German Chancellor Angela Merkel has said that Russian recognition of independence for South Ossetia and Abkhazia “contradicts the principle of territorial integrity, a principle based on the international law of nations and for this reason it is unacceptable”. This is precisely what Russia said when it opposed Kosovo’s independence.
The message conveyed by President Medvedev is loud and clear: Moscow will no longer tolerate NATO’s and Western encroachment on its sphere of influence. He has also said that he is not afraid of a new Cold War. For some time Russia has seen, much to its consternation, the NATO spreading its wings into the former Soviet Union. The attempts to include Ukraine and Georgia into the NATO are taking the NATO to the doorstep of Russia. Another disconcerting development is the fact that the UN no longer plays the role of a peace-maker. The NATO has increasingly taken over that role. The transformation of the NATO from a military alliance into a quasi-UN has created an anomalous situation.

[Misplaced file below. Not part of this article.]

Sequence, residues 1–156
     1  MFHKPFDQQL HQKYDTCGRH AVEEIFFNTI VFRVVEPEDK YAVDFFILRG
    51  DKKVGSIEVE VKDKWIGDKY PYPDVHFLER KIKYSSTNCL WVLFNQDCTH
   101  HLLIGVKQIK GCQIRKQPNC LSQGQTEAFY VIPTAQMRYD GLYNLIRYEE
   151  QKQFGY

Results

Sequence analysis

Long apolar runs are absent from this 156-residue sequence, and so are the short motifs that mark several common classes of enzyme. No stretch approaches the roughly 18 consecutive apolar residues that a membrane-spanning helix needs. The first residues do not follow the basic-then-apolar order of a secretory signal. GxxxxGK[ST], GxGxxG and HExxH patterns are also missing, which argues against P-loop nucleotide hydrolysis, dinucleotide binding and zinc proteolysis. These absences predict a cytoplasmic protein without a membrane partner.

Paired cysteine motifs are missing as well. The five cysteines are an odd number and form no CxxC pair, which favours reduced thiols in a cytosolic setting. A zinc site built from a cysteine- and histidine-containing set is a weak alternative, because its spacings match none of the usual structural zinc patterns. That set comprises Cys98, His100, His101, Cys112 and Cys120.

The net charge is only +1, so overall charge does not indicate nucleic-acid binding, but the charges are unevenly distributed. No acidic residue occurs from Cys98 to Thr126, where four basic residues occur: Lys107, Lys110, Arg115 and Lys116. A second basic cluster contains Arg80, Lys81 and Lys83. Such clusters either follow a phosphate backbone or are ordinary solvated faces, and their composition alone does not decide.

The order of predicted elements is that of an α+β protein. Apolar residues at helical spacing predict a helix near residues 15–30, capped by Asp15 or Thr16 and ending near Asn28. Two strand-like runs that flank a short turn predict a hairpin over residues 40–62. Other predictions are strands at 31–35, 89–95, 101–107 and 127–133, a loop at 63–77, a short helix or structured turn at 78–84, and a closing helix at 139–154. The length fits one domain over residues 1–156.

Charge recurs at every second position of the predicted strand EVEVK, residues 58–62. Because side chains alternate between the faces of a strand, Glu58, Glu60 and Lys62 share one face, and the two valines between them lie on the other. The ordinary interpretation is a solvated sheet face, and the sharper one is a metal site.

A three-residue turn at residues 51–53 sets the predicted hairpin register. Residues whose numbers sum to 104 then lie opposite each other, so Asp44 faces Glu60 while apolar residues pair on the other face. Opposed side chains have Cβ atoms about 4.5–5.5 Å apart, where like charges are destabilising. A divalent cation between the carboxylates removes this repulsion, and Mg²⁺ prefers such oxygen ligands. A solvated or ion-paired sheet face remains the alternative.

THE establishment of a middle defence shield in Eastern Europe is another act of grave provocation. Russia has every reason to see this development as a direct threat to its interests in the region. Russia’s strong response in Georgia is also a warning to other former Soviet republics about their flirtations with the West at the cost of Moscow’s strategic interests. Last July the US, Georgia, Armenia, Azerbaijan and Ukraine conducted a joint military exercise codenamed ‘Immediate Response 2008’ much to the annoyance of Moscow. President Medvedev’s forceful response to Georgia’s misadventure has left the US, EU and NATO powerless to overturn the situation on the ground and humiliated them just as Russia felt in Kosovo.